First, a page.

Andrew Yang: ‘There’s No Such Thing As Pure Capitalism Or Pure Socialism’

Democratic presidential candidate, entrepreneur Andrew Yang speaks at a campaign rally on September 30, 2019 in Los Angeles, California.
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While socialism is an economic system that has turned into a dirty word for politicians on the right, capitalism draws an arguably equal amount of disdain from people with left-leaning political beliefs. According to Democratic presidential candidate Andrew Yang, whose campaign has attracted supporters from across the political spectrum, this dichotomy isn’t productive as it suggests that both are mutually exclusive.

During an interview with John Harwood for CNBC, Yang said that the United States needs a “positive economic vision” that takes the best of both economic systems to solve the problems of the current generation. In response, Harwood noted that there is no system that is purely socialist or purely capitalist, which drew agreement from Yang.

“Exactly! That’s one reason why I find the dichotomy so unproductive, that there’s no such thing as pure capitalism or pure socialism. And then people are just trying to throw others into an ideological bucket to dismiss them. And if you look at any system throughout the world, there’s some combination.”

Yang’s campaign centers around a universal basic income (UBI) of $1,000 per month for every American adult — a plan he suggests in part to curb the loss of jobs in the U.S. economy due to automation. He proposes to tax Big Tech companies like Amazon to pay for his proposal. Critics point to the fact that his proposal would also be putting $1,000 into the pockets of people like Jeff Bezos, but Yang believes that this universality is necessary and claims that the richest people would pay into the system more than $1,000 per month.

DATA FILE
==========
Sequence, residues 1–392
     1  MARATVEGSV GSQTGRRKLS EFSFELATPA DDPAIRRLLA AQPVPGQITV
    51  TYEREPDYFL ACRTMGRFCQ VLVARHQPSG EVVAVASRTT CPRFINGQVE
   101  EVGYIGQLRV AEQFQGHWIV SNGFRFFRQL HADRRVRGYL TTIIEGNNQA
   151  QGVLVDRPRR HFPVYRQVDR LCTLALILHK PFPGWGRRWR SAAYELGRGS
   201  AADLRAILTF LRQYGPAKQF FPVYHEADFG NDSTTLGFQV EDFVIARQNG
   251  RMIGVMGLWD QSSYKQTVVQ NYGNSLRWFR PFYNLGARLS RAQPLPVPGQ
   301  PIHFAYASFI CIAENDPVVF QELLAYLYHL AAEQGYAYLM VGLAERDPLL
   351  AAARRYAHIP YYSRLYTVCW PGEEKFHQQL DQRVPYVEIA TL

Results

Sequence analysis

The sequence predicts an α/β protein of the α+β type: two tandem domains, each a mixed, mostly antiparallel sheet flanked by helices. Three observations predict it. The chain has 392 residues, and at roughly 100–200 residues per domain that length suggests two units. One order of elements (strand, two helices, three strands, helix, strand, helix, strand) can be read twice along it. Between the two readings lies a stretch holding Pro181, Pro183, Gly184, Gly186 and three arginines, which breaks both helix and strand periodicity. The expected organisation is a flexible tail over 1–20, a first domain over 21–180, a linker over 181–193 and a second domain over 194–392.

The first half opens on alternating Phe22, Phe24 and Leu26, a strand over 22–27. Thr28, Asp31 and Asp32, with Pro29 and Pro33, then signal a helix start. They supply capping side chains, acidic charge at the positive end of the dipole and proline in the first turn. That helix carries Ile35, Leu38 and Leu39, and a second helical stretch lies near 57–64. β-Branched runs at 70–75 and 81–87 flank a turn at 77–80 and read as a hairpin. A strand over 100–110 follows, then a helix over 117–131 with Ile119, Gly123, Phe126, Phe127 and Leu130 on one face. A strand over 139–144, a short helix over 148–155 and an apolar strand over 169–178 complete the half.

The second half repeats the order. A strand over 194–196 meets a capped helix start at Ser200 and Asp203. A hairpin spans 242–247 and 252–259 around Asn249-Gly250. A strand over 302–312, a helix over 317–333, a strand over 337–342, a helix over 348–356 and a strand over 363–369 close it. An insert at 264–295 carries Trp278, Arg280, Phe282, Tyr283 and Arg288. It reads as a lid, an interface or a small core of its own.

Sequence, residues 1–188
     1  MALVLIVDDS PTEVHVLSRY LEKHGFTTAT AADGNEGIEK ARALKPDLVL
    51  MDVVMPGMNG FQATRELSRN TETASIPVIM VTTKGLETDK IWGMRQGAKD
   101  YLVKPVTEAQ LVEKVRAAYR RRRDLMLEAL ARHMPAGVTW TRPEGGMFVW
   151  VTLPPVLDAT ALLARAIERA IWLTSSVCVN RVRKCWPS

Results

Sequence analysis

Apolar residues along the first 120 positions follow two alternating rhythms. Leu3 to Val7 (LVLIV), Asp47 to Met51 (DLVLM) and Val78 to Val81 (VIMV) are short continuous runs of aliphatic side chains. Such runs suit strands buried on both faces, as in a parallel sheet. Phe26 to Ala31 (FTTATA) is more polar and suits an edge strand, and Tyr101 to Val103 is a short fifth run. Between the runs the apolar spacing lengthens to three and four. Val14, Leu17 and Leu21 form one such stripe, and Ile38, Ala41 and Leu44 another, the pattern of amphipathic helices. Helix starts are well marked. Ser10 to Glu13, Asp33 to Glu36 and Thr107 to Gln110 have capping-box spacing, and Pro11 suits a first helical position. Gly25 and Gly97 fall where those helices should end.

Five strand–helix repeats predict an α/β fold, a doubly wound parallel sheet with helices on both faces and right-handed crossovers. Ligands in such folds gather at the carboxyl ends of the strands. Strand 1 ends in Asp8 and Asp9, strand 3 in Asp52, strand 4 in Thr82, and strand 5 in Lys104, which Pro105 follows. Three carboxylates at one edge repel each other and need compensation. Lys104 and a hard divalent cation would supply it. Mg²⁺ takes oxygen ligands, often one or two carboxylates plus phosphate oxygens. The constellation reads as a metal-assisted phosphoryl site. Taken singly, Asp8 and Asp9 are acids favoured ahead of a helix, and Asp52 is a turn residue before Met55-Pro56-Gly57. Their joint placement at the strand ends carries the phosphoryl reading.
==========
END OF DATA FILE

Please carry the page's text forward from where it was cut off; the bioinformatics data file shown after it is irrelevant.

“And so the joke I tell is that, if we get hundreds of millions from Jeff Bezos and then try and send him $1,000 a month to remind him he’s an American, that’s not something we should be concerned about,” he said.


The 44-year-old entrepreneur recently addressed fellow Democratic candidate Elizabeth Warren’s lobbyist tax proposal, which aims to tax lobbyists as much as 75 percent. According to Yang, such a tax would need to be higher than 100,000 percent to be effective. He used the criticism to push his Democracy Dollars plan, which aims to flush out lobbyist money in politics by giving all Americans $100 per year to invest in campaigns and candidates.

Yang is currently in sixth place in the polls with an average of 3.5 percent support. He recently hit a $10 million fundraising milestone that was snubbed by CNN in favor of candidate Cory Booker’s earnings of $6 million, continuing the trend of the mainstream media dismissing the rise of Yang’s campaign.